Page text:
Because of its design, it stands out in the drawer, it is really easy to find it among the other spoons……

My wife, Patty, and I don’t have kids. Circumstances were such that it didn’t happen for us. Sometimes I think that is too bad. Had we had kids, I know they would have had the best Mom I know of. I have seen her with her nieces and nephews as they grew up, or our neighbors’ kids, and sometimes even someone we just met, to see how caring and loving and fun she is with children of all ages. Patty certainly is a mother type; in fact she has hundreds of kids. You see, she has been a teacher since she graduated from college. She also trains kids in leadership skills at camps every summer.

I use the spoon almost every day – it is my tea spoon. Each morning, I have a large glass of green tea and stir the honey into the tea with it. Some days I take it with me to eat a yogurt on the go.

Moms sacrifice a lot for their child. That sacrifice mostly seems to be of her time. The sacrifice takes place when she nurses a newborn or rocks a fussy toddler, reads to a kindergartner, watches a soccer match, helps explain geometry, or looks over college applications. But she also takes the unexpected calls, puts life on hold to help a frustrated college kid, comfort a broken heart, or give advice to a son about a birthday gift for his spouse.

The spoon was probably bought at a flea market or rummage sale…..  

So Thank you Mom. Thanks to all of you moms. Thank you for taking the pain, for your lack of sleep at three in the morning to welcome a scared little kid into your room, for the countless meals you made when you didn’t even know what to cook, for staying up to wrap all the Christmas gifts from Santa, etc., etc, etc.

I have almost lost that spoon on at least one occasion and searched everywhere to find it in my car or truck.

My Mom liked nice things – like jewelry, china dishware, silverware. She bought full sets and individual pieces. She passed away almost 19 years ago. The spoon was a single piece she probably got second hand. Now I have it. And I also have tea with her most every day.

Every mom is a lot like that spoon. She doesn’t match any other yet is like them all, probably has a little wear due to the worry she experiences for her children, she is the coolest design ever, and stands out to her own kids in any crowd…and you never want to lose her.

So maybe you are a mother or maybe a mother type. To all of you out there, know that you make a difference in this world when you love your children and show them love. They will remember you for the little things you did and the big things you did. They will remember when you were really mad at them….”those teenagers”….and when you made them laugh for something you always do that they think is goofy. They will remember you for the love you gave them. There is no more important role in this world than that of “Mom”.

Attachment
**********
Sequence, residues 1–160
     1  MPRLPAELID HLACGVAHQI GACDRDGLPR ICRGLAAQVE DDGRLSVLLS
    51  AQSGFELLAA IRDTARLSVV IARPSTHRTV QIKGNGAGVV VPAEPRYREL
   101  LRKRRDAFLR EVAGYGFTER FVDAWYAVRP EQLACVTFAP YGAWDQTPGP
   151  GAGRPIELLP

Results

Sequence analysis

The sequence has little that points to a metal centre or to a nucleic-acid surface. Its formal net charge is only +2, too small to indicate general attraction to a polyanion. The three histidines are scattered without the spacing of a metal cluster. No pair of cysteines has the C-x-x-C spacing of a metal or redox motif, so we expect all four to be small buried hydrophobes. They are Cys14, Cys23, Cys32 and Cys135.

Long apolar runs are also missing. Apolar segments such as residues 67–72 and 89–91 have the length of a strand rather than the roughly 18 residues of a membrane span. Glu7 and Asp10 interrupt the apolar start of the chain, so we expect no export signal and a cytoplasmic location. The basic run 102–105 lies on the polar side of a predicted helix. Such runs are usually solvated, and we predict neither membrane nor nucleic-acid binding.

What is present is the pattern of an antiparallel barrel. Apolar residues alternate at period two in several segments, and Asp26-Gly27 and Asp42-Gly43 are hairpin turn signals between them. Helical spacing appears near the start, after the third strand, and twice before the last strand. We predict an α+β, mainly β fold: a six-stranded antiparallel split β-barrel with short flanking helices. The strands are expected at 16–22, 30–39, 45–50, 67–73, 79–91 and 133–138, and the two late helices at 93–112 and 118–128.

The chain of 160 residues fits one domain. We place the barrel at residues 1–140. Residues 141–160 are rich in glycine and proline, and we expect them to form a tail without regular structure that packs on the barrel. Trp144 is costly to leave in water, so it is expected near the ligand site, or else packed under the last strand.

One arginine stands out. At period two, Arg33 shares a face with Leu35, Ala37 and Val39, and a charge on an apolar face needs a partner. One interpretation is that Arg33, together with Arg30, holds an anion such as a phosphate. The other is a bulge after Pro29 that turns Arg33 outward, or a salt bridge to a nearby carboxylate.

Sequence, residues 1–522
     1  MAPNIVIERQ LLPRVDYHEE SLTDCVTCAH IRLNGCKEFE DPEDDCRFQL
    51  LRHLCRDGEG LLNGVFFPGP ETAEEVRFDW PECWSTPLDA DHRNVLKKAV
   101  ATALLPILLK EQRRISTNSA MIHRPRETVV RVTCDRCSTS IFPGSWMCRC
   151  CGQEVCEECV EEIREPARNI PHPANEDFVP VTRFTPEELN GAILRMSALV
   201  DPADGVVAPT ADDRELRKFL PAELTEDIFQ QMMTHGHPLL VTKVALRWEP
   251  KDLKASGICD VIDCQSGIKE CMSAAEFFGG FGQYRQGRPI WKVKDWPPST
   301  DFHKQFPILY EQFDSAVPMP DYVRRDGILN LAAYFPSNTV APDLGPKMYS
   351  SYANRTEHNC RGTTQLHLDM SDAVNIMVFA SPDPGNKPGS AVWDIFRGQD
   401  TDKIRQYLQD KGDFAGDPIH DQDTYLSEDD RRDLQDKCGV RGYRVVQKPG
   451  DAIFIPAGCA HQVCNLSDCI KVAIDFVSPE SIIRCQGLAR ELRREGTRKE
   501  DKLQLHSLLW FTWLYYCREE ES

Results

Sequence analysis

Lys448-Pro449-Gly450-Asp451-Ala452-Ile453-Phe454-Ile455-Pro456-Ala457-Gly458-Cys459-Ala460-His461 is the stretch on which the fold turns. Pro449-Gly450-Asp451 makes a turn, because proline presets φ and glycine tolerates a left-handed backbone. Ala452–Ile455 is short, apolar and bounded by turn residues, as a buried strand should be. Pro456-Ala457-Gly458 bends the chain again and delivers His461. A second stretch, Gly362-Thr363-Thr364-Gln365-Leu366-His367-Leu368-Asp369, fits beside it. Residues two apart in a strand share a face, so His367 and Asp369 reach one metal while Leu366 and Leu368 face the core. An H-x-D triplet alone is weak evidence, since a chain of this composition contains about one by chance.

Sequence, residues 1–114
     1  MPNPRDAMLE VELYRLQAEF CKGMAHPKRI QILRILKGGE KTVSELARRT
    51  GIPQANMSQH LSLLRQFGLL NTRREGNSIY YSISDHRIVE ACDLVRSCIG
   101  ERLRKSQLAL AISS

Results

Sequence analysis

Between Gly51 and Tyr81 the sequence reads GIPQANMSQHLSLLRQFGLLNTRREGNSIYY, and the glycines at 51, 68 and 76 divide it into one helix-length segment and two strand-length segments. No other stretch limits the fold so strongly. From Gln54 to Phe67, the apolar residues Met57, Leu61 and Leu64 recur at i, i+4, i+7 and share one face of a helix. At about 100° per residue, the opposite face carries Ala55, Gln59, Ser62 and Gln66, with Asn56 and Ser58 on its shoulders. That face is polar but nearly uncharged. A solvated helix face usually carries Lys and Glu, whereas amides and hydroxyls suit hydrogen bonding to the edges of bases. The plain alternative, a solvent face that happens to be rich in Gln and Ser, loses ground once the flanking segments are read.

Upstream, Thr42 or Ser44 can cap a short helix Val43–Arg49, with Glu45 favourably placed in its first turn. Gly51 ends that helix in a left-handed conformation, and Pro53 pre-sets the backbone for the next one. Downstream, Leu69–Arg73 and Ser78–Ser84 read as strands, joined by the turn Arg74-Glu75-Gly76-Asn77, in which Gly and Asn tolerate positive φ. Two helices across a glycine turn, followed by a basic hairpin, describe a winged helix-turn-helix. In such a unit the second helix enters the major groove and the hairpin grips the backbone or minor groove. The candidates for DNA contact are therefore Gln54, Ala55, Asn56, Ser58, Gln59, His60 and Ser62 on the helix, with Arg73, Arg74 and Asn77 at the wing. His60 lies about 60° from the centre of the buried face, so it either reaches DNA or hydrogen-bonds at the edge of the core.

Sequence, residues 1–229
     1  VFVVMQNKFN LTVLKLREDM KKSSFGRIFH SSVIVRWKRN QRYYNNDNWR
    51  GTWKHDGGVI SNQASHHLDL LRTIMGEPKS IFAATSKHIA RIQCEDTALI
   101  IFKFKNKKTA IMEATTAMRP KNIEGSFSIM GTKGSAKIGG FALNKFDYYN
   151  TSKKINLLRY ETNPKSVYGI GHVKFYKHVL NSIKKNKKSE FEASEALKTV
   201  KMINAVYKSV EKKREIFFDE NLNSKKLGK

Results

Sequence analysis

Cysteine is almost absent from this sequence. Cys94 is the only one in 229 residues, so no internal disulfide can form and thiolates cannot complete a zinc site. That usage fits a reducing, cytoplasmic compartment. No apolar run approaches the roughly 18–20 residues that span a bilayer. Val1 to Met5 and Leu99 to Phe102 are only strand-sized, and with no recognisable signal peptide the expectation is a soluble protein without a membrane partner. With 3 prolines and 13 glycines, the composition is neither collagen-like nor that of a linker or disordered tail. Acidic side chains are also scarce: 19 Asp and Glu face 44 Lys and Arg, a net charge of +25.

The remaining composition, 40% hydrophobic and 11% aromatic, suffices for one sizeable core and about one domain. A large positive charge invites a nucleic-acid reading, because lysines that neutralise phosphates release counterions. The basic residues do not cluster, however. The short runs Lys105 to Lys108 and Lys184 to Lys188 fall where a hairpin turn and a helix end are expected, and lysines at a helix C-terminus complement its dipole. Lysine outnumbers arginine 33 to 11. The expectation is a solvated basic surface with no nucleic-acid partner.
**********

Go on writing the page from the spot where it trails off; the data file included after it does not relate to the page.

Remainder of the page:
One more thought to emphasize that last point. I actually have many “moms.” My Mom called me her baby. Yes, no matter how old I was she would introduce me that way, and for a while it annoyed this boy to no end. I would say, “I am not a baby!” But I think as a young child, I realized the importance of moms. I realized the importance so much so that throughout my life, I have collected surrogate moms: friends’ moms became mine because I would call them Mom too…and will continue to do so. I guess a shy little boy can never have too many “moms”.

The Joy of Living Life to the Fullest

Sometimes I feel like I could have written the book, The Top Five Regrets of the Dying. As a pastor I often have the honor and privilege to be with people at the very end of their lives. Sometimes it’s hopeful and peaceful; other times it’s fraught with questions and trouble. Life is a complex web of experiences and emotions. As it nears it’s end, all of that can bubble right up to the surface.

Spider Web

Recently I visited a man in a nursing home who feels hopeless, lost, and filled with questions about life’s choices. Needless to say, it’s an opportunity to bring hope and comfort that only comes in the love, mercy, and forgiveness of Jesus. The Bible teaches that life was never meant to end. It was to go on forever. Jesus has provided a way for that to happen for all who believe in Him. I hope and pray that my friend will trust in that in his final days.

We live in a world where many enter their last days or hours with regrets. These are the top five listed in the book, The Top Five Regrets of the Dying:

  1. I wish I’d had the courage to live a life true to myself, not the life others expected of me.
  2. I wish I hadn’t worked so hard.
  3. I wish I’d had the courage to express my feelings.
  4. I wish I had stayed in touch with my friends.
  5. I wish that I had let myself be happier.

Looking at those, and learning from the ones who have gone through it, we have the opportunity to find joy in living life to the fullest. Here are the five ways we can defy regret and live with joy, passion, and fulfillment: